While we were all focusing on the hotly contested and election, the Greensboro City Council (unfortunately) went about its business:
The council voted to give WFMY News 2 $35,000 for its advertising campaign in support of aviation jobs. In response to a question, it was revealed that WFMY had not asked Guilford County for any money, but Forsyth County was putting in some. WFMY has been promised $5,000 by Winston-Salem and $10,000 from High Point. But it seems the Greensboro City Council looks like an easier touch than the other two and got hit up for more than twice as much as those two put together.
WFMY did reveal that their news stories are for sale, since they promised a number of news stories would result from this advertising campaign. So the News & Record is not the only one in town presenting paid advertising as news stories.
I guess WFMY didn’t ask Guilford County commissioners for money because they knew what the answer would be.
As for the sales tax hike that went down hard in Guilford (though not as hard as in Rockingham County looks like commissioners are off the hook. Not just because it failed, but because it didn’t tip the election to Hagan, as the Rhino’s John Hammer speculated it might (which in turn drew a snippy response from N&R editor Jeff “Grits” Gauger).
By the same token, Hagan did crush Thom Tillis in Guilford County, which would lead me to conclude that many of the same women who for Hagan also voted against the sales tax hike.
The N&R’s Doug Clark is quick to point out that Thom Tillis’ 48.87 of the vote is the lowest in state history, undercutting John East’s 1980 victory over incumbent Sen. Robert Morgan.
A commenter adds “conservatives who think Tillis shows a mandate for GOP policies in North Carolina are kidding themselves.”
And yes, as Clark points out, Tillis’s victory margin was minus the state’s urban counties–the only major city he won was Wilmington and that by a razor-thin 60 votes.
But take a look at the big picture. JLF president John Hood draws it:
Not only did Hagan lose, but most of the candidates they put up in competitive legislative races fell short. Republicans actually expanded their majority in the North Carolina Senate and lost a net of just three seats in the North Carolina House. Conservatives also defeated sales-tax increases on the ballot in several counties, including populous Mecklenburg and Guilford. Only the Democrats’ takeover of the county commission in Wake County, the second-most-populous in the state, brightened what was an otherwise dismal disappointment for a party that, until just six years ago, seemed firmly ensconced as North Carolina’s governing majority.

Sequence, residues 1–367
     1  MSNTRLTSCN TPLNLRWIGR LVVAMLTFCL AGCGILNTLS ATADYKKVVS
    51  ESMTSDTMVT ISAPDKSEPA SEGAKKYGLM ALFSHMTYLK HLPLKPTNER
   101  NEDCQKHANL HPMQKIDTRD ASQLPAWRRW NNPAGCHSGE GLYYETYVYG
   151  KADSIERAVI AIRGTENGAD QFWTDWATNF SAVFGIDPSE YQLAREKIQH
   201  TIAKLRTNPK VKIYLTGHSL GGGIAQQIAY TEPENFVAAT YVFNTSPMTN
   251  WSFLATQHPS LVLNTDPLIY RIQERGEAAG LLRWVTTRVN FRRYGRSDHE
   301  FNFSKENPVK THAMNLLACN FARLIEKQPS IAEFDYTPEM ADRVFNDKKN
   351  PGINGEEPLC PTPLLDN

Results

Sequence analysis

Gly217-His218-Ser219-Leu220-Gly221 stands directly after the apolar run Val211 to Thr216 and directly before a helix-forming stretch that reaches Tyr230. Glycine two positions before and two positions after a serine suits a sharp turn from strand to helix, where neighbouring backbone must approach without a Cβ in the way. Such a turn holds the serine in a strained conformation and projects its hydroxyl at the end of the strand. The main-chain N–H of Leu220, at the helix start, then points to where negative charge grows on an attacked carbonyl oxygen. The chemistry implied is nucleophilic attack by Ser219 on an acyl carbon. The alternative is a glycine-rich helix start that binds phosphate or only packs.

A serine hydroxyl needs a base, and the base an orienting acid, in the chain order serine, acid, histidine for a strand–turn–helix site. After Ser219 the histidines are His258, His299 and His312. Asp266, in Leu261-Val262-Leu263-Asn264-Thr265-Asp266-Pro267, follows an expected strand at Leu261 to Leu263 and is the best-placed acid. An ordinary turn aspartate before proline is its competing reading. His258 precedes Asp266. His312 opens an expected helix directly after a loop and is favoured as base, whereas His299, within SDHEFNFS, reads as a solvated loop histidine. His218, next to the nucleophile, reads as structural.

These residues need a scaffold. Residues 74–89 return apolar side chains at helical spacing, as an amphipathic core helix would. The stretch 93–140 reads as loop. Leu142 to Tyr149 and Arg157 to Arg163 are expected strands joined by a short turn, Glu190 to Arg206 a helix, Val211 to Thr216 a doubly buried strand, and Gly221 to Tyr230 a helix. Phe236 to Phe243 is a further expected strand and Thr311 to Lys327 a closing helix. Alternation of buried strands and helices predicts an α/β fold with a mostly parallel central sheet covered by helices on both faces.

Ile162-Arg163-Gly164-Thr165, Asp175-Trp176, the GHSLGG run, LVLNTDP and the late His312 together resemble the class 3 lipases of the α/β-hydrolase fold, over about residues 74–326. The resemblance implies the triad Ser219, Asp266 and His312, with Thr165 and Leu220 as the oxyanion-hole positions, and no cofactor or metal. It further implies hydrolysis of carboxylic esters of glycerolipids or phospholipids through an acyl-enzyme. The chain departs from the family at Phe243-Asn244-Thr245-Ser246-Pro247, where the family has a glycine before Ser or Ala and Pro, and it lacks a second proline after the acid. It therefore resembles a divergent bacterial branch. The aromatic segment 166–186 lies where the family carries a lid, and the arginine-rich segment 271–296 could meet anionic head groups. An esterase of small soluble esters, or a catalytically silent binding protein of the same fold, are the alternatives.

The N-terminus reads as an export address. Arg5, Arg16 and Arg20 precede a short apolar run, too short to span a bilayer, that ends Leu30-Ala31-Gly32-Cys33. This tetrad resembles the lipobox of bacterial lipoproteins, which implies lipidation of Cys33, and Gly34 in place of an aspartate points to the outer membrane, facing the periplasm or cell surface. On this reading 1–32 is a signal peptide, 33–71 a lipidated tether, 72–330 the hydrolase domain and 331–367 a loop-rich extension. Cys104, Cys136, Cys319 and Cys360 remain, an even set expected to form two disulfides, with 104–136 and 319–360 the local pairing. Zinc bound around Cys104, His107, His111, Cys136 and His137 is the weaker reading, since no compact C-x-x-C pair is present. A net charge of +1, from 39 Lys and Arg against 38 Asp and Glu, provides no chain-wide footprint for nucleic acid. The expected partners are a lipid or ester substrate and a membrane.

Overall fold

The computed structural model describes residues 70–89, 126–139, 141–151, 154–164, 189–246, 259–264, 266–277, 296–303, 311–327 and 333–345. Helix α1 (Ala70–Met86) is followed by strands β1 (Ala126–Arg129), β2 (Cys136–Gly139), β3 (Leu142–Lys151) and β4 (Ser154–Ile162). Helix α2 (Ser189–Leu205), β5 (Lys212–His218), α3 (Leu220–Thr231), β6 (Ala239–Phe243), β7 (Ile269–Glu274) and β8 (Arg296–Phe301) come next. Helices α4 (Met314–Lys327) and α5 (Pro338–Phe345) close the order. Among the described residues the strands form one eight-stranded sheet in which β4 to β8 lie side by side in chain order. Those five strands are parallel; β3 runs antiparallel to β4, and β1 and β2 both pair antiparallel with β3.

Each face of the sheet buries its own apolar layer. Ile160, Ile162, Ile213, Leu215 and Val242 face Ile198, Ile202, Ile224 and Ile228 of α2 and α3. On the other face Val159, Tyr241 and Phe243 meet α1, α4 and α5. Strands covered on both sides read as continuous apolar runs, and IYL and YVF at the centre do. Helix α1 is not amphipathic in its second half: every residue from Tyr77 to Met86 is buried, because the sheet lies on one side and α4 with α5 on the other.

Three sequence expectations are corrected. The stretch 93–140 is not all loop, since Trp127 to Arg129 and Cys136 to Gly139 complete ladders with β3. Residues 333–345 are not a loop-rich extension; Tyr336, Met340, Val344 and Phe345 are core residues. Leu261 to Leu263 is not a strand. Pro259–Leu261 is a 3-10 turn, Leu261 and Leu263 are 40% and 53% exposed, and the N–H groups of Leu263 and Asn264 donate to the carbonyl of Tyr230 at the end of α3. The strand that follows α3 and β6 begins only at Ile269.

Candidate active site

The other exception of course is the approval of five bonds in Winston-Salem. But note Republicans in Forsyth County held onto the school board, with “cuts” to education being a big issue in the Senate race.
It will be an interesting two years, both at the national and state level.
Winston-Salem voters approve five bonds on yesterday’s ballot:
Street and other transportation improvements totaling $42.35 million in what was the largest of the five issues before voters. Of that money, about $15 million is earmarked for repaving streets and another $10 million for sidewalk construction and repair. Meadowlark Road would be widened at a cost of $5.6 million. Other improvements will affect Old Salem, school safety, greenways and bike paths.
A $31 million bond issue for public safety that would pay for three new district police stations, refurbishing the central public safety building and renovating fire stations.
Park and recreation bonds totaling $30.85 million that would make a number of improvements at many existing parks, and pay for the development of new ones, including a start on the renovation of an old Vulcan Materials quarry.
Economic development bonds totaling $25 million that would go to pay for such items as streets, water lines and other improvements in business parks in order to lure jobs. The money would not pay for any financial incentives paid to companies to move to Winston-Salem.
The $10 million bond issue for housing improvements — the smallest of the bond issues — that would go to fix up housing in low income neighborhoods.
Strong majorities voting in favor; I guess W-S residents know what’s best for them.
Voters in Guilford and Rockingham counties overwhelmingly rejected quarter-cent sales tax hikes on yesterday’s ballot.
Eight out of 10 counties rejected sales tax hikes yesterday, with only Anson and Ashe counties voting in favor.
Guilford County Schools Superintendent Mo Green says that while he is “confident that our students, our employees, our district will continue to strive for excellence, despite these challenges,” he can’t rule out additional budget cuts.